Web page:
George Trofimoff had been assigned to Hqs Co, 532 MI Bn, and again assumed the duties of a training sergeant. While at Ft. Bragg, North Carolina, he applied for duty with a “military advisory group” to serve anywhere such a group operated. It was 1955.

Soon, he received orders to report to Washington, D.C., in civilian clothing. He was given a phone number to call upon his arrival. When he called it from the railroad station, the voice said that he would be approached by a man and asked for his I.D. card, then he was  to join this individual in his automobile and be taken to his destination for his interview. A man who did not give his name soon came up to George, asked for his I.D., and invited him to join him. The destination happened to be a series of barracks-type, two-story buildings behind a very high chicken-wire fence topped with barbed wire. It seemed odd, but George could see the Washington monument in the near distance.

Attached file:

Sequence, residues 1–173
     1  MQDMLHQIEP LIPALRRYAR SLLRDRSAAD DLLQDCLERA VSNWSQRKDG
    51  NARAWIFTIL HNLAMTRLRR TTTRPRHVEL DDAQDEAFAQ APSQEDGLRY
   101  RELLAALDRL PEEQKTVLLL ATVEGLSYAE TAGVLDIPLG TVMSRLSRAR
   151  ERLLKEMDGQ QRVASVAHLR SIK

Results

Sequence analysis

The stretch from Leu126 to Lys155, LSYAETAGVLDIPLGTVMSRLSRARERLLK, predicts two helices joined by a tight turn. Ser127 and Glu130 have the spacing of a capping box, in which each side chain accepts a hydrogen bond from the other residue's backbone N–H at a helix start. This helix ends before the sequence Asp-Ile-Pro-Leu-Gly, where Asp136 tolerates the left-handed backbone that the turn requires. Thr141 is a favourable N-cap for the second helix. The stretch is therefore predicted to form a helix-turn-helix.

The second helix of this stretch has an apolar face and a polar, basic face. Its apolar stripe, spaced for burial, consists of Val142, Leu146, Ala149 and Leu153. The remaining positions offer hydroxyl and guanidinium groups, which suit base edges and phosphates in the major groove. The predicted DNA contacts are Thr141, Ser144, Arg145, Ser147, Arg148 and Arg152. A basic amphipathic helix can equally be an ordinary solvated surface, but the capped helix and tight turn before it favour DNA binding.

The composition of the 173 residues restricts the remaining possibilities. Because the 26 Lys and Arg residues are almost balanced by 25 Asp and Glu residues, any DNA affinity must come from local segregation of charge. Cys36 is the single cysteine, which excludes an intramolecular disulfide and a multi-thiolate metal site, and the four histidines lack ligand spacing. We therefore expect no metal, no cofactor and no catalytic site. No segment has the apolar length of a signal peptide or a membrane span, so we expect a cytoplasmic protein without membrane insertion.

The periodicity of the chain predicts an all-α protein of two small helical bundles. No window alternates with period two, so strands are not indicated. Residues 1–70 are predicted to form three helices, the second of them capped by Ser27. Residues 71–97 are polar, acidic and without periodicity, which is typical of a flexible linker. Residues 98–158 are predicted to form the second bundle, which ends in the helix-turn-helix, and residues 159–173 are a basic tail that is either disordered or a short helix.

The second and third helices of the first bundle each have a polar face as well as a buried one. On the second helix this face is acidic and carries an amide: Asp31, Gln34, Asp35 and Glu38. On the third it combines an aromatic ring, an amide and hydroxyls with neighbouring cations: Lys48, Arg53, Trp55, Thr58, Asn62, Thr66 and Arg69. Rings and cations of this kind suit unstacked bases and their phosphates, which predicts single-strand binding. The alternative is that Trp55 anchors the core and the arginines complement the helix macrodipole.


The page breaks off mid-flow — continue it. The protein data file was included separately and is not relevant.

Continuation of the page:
After passing through several I.D. checks and searches, George was invited into a large office. The gentleman behind the desk had just extended a greeting in English when another man suddenly entered the room and began questioning George in staccato fashion in native French. George answered in native French. After about two hours of “visiting,” George was told that the Agency interviewing him could use his services in Indochina.

I write of George’s career in my book:  Observer: The Colonel George Trofimoff Story, the tale of America’s highest ranking military officer convicted of spying.

Written by

Glen Aaron is a retired trial attorney with a rich history in litigation and international business. He has maintained offices in Shenzhen, China, Panama City, Panama, Belize, Lebanon, and the United States, representing both American clients and clients from other countries.

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